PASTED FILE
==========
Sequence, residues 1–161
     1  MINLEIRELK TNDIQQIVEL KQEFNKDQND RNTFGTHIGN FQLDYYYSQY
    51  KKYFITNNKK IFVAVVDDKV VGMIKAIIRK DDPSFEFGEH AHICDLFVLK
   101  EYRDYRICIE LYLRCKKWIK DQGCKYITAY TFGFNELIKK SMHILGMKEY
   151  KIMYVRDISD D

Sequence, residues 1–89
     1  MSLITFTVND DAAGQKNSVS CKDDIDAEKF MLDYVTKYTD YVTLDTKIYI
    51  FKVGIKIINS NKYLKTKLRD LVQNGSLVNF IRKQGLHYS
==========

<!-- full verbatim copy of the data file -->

Sequence, residues 1–161
     1  MINLEIRELK TNDIQQIVEL KQEFNKDQND RNTFGTHIGN FQLDYYYSQY
    51  KKYFITNNKK IFVAVVDDKV VGMIKAIIRK DDPSFEFGEH AHICDLFVLK
   101  EYRDYRICIE LYLRCKKWIK DQGCKYITAY TFGFNELIKK SMHILGMKEY
   151  KIMYVRDISD D

Sequence, residues 1–89
     1  MSLITFTVND DAAGQKNSVS CKDDIDAEKF MLDYVTKYTD YVTLDTKIYI
    51  FKVGIKIINS NKYLKTKLRD LVQNGSLVNF IRKQGLHYS